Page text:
We arrived at the start of the Discovery Days Festival, a legal holiday in the Yukon Territory.  The town held a parade, pictures of which you can see here, along with others of the town.  Pics here.  The parade offered an unusally eclectic and inclusive view of their lives mingled with the past and present.

We also took tours of the historic buildings and saw the  floor show and cancan girls at Diamond Tooth Gerties (the only legal casino in the territory).  Visited the cabins of Robert Service, the "Bard of the Yukon," and Jack London, who wrote Call of the Wild and White Fang, among others.

We drove the famous Top of the World Highway to the Alaska border.  The Taylor Highway on the west side of this road was mostly closed, cutting traffic on the TOW Highway to a trickle.  We saw maybe 20 vehicles on our roundtrip from Dawson.

We attended the Danoja Zho Cultural Center, which presents the culture and traditions of the local First Nation people.  They lived in this area for millennia before the stampeders displaced them downriver. 

And so we turn south to Whitehorse and the gradual journey home.  We hope to take a different route, the Cassiar highway, if we can get past the fire which has blocked the road for almost one month now.


Friday, August 13, 2010

Criminal Behavior on the Way to Dawson City, YT

We arrived at Dawson City without incident.  Spent one night on the way in the parking lot of the tiny Visitors Center in Stewart Crossing, YT.  We parked between two of the three "No Overnight Camping" signs.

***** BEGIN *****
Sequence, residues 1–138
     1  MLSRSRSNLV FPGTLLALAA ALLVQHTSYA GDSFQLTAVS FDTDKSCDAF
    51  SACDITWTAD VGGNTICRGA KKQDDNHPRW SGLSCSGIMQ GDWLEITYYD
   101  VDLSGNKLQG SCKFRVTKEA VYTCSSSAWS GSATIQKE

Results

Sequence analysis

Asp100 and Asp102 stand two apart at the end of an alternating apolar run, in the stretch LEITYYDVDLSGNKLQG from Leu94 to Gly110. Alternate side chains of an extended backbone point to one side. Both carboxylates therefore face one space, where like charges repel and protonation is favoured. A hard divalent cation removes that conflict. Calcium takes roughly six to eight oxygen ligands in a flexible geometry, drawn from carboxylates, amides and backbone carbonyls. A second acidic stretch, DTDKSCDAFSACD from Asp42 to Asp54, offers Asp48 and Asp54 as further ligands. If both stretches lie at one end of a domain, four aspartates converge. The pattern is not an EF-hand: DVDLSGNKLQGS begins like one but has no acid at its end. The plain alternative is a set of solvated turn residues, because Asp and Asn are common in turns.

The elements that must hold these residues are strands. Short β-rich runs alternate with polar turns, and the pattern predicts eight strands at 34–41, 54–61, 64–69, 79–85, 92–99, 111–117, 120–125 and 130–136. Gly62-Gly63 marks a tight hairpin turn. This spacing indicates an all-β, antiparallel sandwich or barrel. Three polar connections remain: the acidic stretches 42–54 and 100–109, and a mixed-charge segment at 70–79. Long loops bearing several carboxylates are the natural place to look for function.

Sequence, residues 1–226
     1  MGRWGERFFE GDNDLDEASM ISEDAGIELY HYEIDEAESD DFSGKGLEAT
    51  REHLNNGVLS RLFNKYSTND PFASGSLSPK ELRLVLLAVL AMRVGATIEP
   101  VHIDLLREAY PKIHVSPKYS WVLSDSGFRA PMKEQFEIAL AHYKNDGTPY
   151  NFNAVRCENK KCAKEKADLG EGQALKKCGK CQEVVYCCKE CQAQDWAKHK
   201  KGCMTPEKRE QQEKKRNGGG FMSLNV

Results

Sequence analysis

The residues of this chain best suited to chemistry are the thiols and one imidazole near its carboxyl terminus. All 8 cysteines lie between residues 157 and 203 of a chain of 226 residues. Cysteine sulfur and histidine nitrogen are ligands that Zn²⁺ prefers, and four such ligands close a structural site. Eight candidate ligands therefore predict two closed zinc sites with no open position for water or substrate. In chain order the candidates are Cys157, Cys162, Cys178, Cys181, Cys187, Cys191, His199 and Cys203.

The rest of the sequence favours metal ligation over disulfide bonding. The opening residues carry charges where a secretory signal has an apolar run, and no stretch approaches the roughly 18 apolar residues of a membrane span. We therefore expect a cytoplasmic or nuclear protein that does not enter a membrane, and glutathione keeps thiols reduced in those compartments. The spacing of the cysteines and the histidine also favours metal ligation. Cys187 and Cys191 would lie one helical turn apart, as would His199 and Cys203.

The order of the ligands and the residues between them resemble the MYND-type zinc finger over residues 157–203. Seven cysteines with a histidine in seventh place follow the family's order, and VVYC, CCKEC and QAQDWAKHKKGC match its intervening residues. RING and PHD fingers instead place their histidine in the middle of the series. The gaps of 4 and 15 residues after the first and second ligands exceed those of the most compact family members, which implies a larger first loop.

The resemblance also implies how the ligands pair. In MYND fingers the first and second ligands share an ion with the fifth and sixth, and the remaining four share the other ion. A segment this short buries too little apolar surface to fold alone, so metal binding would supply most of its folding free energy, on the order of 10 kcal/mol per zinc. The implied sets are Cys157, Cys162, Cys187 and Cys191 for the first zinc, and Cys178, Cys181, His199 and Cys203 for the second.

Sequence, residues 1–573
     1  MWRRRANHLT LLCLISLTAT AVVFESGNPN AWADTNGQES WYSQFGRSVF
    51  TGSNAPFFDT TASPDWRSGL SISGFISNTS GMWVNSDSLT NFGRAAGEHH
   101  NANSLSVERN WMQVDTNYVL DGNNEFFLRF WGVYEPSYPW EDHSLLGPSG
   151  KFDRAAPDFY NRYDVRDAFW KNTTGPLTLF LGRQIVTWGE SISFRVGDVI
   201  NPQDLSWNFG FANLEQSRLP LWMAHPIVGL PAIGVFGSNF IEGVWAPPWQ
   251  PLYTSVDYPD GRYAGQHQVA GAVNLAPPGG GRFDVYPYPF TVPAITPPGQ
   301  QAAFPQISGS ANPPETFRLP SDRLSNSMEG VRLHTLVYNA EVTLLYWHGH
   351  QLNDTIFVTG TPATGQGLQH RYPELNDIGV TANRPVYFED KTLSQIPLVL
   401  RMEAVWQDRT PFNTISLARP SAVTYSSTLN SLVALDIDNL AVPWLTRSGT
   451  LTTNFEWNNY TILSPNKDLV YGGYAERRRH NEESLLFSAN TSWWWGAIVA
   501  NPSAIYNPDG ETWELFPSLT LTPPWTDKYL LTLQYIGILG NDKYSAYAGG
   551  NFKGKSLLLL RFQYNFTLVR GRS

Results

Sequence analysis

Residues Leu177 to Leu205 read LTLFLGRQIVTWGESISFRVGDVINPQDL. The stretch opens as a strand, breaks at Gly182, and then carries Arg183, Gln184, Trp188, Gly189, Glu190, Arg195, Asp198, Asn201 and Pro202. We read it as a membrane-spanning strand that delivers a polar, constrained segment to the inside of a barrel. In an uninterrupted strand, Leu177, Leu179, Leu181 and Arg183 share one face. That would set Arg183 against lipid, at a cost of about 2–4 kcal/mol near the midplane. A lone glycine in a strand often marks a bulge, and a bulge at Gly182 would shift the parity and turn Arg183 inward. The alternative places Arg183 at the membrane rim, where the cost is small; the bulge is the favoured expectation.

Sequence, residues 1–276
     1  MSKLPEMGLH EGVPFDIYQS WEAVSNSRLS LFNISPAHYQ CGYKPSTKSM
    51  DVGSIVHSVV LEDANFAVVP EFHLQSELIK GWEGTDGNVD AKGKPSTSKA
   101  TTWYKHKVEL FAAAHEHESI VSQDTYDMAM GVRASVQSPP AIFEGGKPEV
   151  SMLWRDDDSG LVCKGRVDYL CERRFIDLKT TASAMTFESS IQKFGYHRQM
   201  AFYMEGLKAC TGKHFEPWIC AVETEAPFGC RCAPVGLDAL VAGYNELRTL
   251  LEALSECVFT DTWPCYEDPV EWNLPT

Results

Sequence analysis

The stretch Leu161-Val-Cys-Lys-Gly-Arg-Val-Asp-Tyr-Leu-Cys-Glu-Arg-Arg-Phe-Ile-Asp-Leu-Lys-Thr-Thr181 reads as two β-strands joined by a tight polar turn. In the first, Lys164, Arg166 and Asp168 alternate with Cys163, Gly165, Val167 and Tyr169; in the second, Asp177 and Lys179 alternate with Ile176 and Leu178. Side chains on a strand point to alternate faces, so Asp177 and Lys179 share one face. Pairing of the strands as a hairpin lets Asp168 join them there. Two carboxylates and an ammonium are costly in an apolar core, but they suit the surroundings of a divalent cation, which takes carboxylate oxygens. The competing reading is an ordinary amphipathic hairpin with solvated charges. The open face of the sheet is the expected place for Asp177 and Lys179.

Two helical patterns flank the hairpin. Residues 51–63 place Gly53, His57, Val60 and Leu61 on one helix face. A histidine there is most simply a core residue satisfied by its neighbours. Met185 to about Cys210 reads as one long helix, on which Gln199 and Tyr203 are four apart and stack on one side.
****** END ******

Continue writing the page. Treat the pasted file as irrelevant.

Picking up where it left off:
We were desperate.  The local campground had closed.  No one in this town of 45 bothered us, tho Jenna woke up early with visions of SWAT teams descending on us. 

But still.  What if the Mounties arrested us and deported us via the nearest border, i.e. Alaska?  As convicted felons, we could not reenter Canada!  How would we drive back home?

So we slept in our clothing, put a muzzle on Clancy, and fled from town at first light.  Close call that one.  We live on the edge!

More about Dawson City in our next post.


Wednesday, August 11, 2010

Down at Fox Lake

After three days on the road, we settle in for the night at a lovely little pullout on Fox Lake, on the Klondike Highway toward Dawson City.  Ten feet from the lake, water lapping at the shore.  Nice!

In the morning, we ready ourselves for departure, only to discover that one of our front jacks won't retract.  Uh oh, can't go down the road like that. 

Next day, Bruce backtracks 40 miles to the city of Whitehorse, where he searches in vain for a technician to make a service call out there.  Phone service problems throughout the Yukon, coupled with an upcoming holiday, throw a spanner in the works.  He returns home with instructions on a temporary fix.